rattling doors

Rattling Doors

As I work on the cookbook, I am reminded of many great stories from my family’s restaurant, the Treehouse, which operated in Eugene from 1977 to 1997. I needed no reminder of this story, though. This short tale of the rattling doors holds a very special place in my heart and soul.

Since it is Halloween weekend, I offer you this most positive ghost story. I don’t care for spook and gore, but I believe the spirit world is ours to access when we need it most.

Rattling Doors: A Ghost Story

The building that held the Treehouse had once been Ford’s Drive-In Restaurant. We had old postcards of the place but otherwise didn’t know a lot about it. Its heyday had been in the 1950s, and I don’t believe my parents had ever even eaten there. We did know that the place was said to be haunted by the ghost of Mr. Ford, who inhabited the upstairs attic apartment until his death. Various stories in the twenty years we occupied the place confirmed the haunting. This is mine.

Treehouse Restaurant, Franklin Blvd., Eugene, mid-1980s

It happened to me just as he said it did to him on a calm summer night. No wind blowing to offer any rational explanation. No one else to bear witness.

My father was in a private room in the cancer ward at Sacred Heart Hospital, close to the U of O campus and just a few miles from the Treehouse restaurant where the rest of my family and I had gathered for a late meal. We had left him to rest for the night after spending the bulk of the previous days with him. He was experiencing the last stages of prostate cancer, diagnosed about two years prior.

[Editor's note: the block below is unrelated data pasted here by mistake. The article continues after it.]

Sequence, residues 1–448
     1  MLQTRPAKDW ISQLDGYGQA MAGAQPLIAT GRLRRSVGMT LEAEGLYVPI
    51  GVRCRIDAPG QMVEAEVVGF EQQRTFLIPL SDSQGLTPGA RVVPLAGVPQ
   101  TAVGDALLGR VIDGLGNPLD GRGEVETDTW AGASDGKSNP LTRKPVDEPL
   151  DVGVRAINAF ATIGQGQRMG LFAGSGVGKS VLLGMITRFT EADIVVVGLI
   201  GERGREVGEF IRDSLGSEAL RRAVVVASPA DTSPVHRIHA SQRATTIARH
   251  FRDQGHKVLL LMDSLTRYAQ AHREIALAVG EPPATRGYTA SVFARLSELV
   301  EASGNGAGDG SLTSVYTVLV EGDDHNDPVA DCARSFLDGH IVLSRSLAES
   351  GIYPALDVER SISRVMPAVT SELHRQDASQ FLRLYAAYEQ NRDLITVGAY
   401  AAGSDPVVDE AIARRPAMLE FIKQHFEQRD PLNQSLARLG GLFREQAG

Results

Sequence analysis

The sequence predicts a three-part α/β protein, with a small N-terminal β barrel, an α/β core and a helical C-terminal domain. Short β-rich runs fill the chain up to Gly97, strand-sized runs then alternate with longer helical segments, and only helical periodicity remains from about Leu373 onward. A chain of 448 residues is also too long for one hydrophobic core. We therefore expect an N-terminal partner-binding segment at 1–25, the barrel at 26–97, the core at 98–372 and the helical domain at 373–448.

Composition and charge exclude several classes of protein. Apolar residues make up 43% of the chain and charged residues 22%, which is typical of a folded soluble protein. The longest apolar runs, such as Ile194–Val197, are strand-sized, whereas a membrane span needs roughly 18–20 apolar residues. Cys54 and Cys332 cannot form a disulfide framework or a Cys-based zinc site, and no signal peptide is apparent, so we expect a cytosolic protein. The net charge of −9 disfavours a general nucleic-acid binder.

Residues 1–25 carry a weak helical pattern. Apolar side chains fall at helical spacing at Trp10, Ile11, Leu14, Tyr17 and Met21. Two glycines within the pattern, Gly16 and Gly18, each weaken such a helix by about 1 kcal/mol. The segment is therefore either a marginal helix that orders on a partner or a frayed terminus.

rattling doors
Mom and Dad’s 25th-anniversary party, upstairs at the Treehouse, 1980. (I’m in the hot pink polo)

We were gathered in the mini banquet room upstairs. The downstairs dining room was empty at the end of our meal, the waitstaff was gone, and most lights were off. The only activity besides our group upstairs was the kitchen crew cleaning up for the night.

As we wrapped up the evening and prepared to go home, I made my way downstairs to use the restroom behind the front desk, which occupied the space where my father’s office had been located before a remodel. It was dark and a little creepy walking through the main dining room, and I probably wished I had made my sister come with me, as it was quite a trek from where the rest of the family was gathered. I’ve never been comfortable in the dark. I don’t recall what was on my mind beyond being scared and sad and in disbelief that my big strong father, with his larger-than-life personality, might be leaving us. I don’t remember any details of the dinner conversation or exactly who was there and who wasn’t. The powerful moment that occurred as I exited the restroom was the only clear memory that survived.

rattling doors
The front desk where my mom put Dad’s picture next to her prized Mike Smith oil painting.

When the restaurant was in its infancy in the late seventies/early eighties, my dad spent many late nights there. Often he was not alone, there was a lot of drinking with friends and staff in those days, but there were plenty of nights he did stay alone in his office catching up on work. It was on such a night that he gave credence to the rumors of Mr. Ford’s haunting.